Bill Lodwick sees red
With opinion polls suggesting a national win for Anthony Albanese’s team, Labor candidate Bill Lodwick is hopeful this will boost his chances in Nicholls.
“You'd be much better off having a Labor Party person on your side and representing you than any of the others,” Mr Lodwick says.
“Our country needs much greater stability. There's too much instability here and there's too much class division building … we need to bring all that back together. I think Labor is the only way to go.”
The former Mitchell Shire councillor takes this approach when assessing the prospects of frontrunners Sam Birrell (The Nationals), Steve Brooks (Liberal) and Rob Priestly (independent).
“I don't think it's going to be a hung parliament. So that makes Rob Priestly sort of irrelevant,” Mr Lodwick says.
“If Labor wins and then either Sam or Brooks gets in … they won't have anything to do either.”
As the only major candidate who ran in the 2019 election, Mr Lodwick is surprised by the attention and media coverage the electorate has experienced in recent weeks. He is also disappointed by the absence of discussion from Mr Brooks, Mr Birrell and Mr Priestly on the issues he is most passionate about.
“They haven't brought up things that I care about, which is domestic violence and aged care,” he says.
“And underemployment and insecure employment, healthcare. They don't seem to come up in the same conversation when they mention Nicholls.”
On housing, Mr Lodwick disagrees with his opponents that the major factor contributing to skyrocketing house prices is the absence of supply. He sees the current market as a reflection of policy decisions that go back to the Howard Government.
“Supply is probably not even the major reason, from my point of view. The Australian population isn't growing that quickly and especially hasn't grown much at all in the last three years because of all the restrictions on immigrants coming here,” he says.
“The rise of rural house prices due to the pandemic was sort of unexpected and pretty much unprecedented. And I think the repercussions of that rising is that it's not going to get any better before it gets worse.
“What has happened is people who have one house buy another house and they are either using it as a holiday home or they rent it out, and rents then reflect what they paid for it, which means the rents are going up and that excludes a whole bunch of people.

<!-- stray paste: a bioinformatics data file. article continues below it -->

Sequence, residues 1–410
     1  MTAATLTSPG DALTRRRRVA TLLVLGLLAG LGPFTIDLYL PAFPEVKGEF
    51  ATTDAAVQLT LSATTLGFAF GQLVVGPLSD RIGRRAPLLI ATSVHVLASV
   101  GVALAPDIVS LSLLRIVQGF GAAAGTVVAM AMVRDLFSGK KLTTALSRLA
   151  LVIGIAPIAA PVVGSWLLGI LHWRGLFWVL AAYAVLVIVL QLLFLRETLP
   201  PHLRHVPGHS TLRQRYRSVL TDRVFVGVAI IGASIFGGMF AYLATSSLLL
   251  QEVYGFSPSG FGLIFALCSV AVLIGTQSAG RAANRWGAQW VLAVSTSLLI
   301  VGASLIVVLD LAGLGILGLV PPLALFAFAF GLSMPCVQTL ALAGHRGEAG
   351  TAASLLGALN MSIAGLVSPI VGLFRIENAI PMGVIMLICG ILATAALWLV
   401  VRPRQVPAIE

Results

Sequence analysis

“So it's not that there aren't enough houses, per se, but houses are coming off the market, or being unavailable to people because of the change.”
Mr Lodwick believes only the Labor Party can change course on that issue.
“I really think that Labor has a better heart for this,” he says.
“You know, The Nationals and the Libs, they tend to let you sink or swim, whereas Labor will always teach you to swim.”
In Seymour, Mr Lodwick has responded to the push to secure Federal Government funding for the proposed community wellbeing hub and is a fan of the initiative. He has already petitioned Labor to match or beat the Coalition’s commitment of $10 million if it is elected.
“When I was growing up, mental health wasn't something that even existed. Everyone was just ‘stiff upper lip, old chap’,” he reflects.
“Recently it is becoming a bigger and bigger problem and I think the mental health part of the hub is essential for a community like this.”
Aged care is also a concern for the trained geophysicist and former energy policy official. Mr Lodwick is particularly worried about how the aged care system is structured in Australia and is concerned about what impact the commercialisation of care has had.
“Personally, I would go back to a model where they are run more by the state and less by for-profit entities. I think that when you put things in for profit, that it's the people needing that service who suffer,” he says.
“You see the same thing in prisons. They privatised prisons and what happens is that people who own the prison start lobbying for laws where a judge has no choice but to send people to prison. So then they get more people in prison, they make more money.
“If someone is skimming off the profit all the time, the service declines.”
Bill Lodwick has assessed his most likely chance of winning the election is by ‘doing a Bradbury’ and emerging successful off the back of preferences.
While winning is probably not on the cards, for a candidate who secured almost 20 per cent of first preferences at the most recent federal election, the number of ‘true believers’ who emerge in 2022 will play a huge role in determining the electorate’s future.
This interview was the final in a series of conversations in the Telegraph with candidates for Nicholls.
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